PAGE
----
Stormy weather in Alberta has helped cause flight delays at the Regina International Airport.
Southern Saskatchewan did not see the amount of snow expected Monday but surrounding areas have.
Airport CEO Jim Hunter says bad weather to the west and south of Regina has wrecked a bit of havoc on air travel.
"Any storms like this will maybe, possibly delay aircraft getting in here because other centres from which they originate are experiencing the weather, Calgary being a good example of that," said Hunter.
People across southern Saskatchewan are getting ready for a real winter blizzard but it appears Regina and points east will be spared the brunt of the system.
Environment Canada issued a winter storm warning on Sunday covering regions across the southern half of the province. Monday morning Regina and areas to the east were dropped from those warnings.
RCMP have reopened a section of Highway 16 that was closed Saturday following a 25 car pile up that sent 13 to hospital.
The accident happened around 10 a.m. near Maymont, a small town about an hour northwest of Saskatoon. RCMP say heavy fog was a factor in the crashes.
With the Grey Cup festival finished, Monday was the busiest day the Regina International Airport (RIA) has ever had.
On Thursday, RIA CEO Jim Hunter said that they had 3,152 people outbound Monday, a new record for the airport.
“It was a pretty interesting day, but I’m very proud of the screening folks. They had the lines set up and everything went very, very smoothly,” said Hunter.
The Canada Border Service Agency (CBSA) is expecting around double the normal traffic at its North Portal crossing this weekend as U.S. stores put on massive sales for Black Friday.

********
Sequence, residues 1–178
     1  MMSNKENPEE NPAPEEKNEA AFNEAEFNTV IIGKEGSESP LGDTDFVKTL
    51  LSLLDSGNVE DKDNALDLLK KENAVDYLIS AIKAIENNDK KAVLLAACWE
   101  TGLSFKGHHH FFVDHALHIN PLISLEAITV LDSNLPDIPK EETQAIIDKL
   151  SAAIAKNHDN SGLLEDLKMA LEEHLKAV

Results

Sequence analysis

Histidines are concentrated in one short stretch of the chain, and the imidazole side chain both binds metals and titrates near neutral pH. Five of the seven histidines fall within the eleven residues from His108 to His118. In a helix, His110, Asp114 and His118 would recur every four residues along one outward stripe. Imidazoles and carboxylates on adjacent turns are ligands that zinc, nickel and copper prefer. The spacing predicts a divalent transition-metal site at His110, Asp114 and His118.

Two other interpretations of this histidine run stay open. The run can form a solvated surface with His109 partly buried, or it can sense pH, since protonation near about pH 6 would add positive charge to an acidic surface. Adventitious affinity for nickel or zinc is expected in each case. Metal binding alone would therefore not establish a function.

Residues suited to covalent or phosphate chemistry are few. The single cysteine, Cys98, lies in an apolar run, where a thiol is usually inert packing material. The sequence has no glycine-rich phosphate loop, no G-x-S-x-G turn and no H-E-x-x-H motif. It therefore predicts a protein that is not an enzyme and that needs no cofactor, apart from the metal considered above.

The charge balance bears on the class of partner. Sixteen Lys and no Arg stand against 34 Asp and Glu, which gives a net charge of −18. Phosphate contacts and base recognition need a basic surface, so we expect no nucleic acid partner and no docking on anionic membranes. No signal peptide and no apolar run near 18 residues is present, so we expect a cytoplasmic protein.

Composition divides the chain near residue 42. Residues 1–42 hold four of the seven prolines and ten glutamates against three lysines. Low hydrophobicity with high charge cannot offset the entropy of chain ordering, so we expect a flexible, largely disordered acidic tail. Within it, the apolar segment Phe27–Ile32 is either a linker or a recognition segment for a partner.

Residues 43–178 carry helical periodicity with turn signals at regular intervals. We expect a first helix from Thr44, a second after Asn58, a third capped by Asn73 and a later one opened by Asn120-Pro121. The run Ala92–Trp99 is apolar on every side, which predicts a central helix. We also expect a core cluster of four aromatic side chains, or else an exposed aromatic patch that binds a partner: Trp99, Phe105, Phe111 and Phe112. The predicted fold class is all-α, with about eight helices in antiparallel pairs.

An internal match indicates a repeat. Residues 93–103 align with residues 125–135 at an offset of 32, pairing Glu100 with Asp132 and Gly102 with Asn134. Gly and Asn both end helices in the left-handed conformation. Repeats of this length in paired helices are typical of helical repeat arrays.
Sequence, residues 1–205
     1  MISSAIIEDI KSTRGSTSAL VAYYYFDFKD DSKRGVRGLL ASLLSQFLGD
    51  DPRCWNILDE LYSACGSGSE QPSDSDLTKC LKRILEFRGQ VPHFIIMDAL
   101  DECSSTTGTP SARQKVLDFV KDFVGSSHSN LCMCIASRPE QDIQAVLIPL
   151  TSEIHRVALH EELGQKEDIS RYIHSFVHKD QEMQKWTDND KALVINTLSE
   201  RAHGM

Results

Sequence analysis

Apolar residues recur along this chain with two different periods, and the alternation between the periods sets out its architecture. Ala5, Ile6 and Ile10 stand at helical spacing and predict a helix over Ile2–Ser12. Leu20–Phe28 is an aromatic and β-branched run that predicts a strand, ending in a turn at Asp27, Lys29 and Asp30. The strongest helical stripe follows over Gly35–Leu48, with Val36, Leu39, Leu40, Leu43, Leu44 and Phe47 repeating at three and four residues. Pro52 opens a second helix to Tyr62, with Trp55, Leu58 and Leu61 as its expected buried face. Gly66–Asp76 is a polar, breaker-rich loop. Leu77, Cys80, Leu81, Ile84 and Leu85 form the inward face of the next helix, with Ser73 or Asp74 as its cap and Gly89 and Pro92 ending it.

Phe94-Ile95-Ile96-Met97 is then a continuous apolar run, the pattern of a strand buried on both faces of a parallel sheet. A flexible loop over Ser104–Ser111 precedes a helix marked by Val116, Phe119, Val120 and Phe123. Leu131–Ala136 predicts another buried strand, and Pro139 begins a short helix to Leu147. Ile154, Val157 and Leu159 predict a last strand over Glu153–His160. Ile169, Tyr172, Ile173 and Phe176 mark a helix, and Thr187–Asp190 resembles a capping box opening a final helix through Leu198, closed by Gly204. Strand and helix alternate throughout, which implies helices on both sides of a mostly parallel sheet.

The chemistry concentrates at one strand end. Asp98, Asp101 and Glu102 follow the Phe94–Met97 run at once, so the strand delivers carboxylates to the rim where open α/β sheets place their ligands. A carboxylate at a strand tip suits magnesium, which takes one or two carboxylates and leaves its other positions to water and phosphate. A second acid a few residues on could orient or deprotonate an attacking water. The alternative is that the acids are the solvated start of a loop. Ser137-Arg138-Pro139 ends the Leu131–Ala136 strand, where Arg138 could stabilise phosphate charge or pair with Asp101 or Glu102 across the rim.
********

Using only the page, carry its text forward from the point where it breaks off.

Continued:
Lisa White, spokesperson for the CBSA said shoppers started trickling through the border on Wednesday, but it would be Saturday and Sunday that would see peak traffic.
“What we want to avoid is all these people coming back at the same time,” she said in a phone interview on Wednesday.
Anyone hoping to take cabs over the weekend will want to call ahead…like way ahead.
A number of things have been playing into the long wait times for a taxi in the city. Of course, with football fans spread out all across the city, the Grey Cup festival is a main driver for the wait. But the weather plays into it too.
“We were hoping it wouldn’t be quite as cold. But it’s cold so the demand is higher,” said Sandy Archibald with Regina Cabs. “And it’s Friday and it’s Grey Cup.”
As Friday hit the Queen City, the Regina International Airport was dealing with the busiest day yet during the Grey Cup Festival. And although there were a lot of people flying into the city for Sunday’s Grey Cup Final, those trying to get out of Regina had a rough time.
Two different flights were cancelled Friday morning as a result of mechanical problems—one a flight to Denver, the other a flight to Chicago.
Don Bell was taxiing out onto the tarmac when the plane suddenly stopped.
With all the traffic flying into the Queen City this week, the Regina International Airport has been having a problem finding a place to put all the chartered planes.
“We’re running into issues trying to park all the business jets coming in. As well, the Snowbirds are coming in with 11 jets on Sunday to do their fly past, and they’re going to be parking here for a while,” said the airport’s President and CEO Jim Hunter.
The Regina International Airport is getting ready to welcome thousands of visitors for Grey Cup 101.
President and CEO Jim Hunter said they've been prepared for quite a while and identifies two days, which he feels will be the busiest.
"Friday is shaping up to be the busiest inbound day," said Hunter, "And of course, probably Monday following the game with all the Hamilton fans leaving in black, mourning the outcome of the game of course."
Sasha Friess's love of yoga has taken her from the prairies of Saskatchewan to the jungles of Nicaragua, where her workplace is now on the shores of a tropical lagoon.
"The crater was created by a volcano that imploded on itself, so it created this great big basin that filled with rain water over time and we're right along the shore of the lake," Friess said, in an interview from Nicaragua.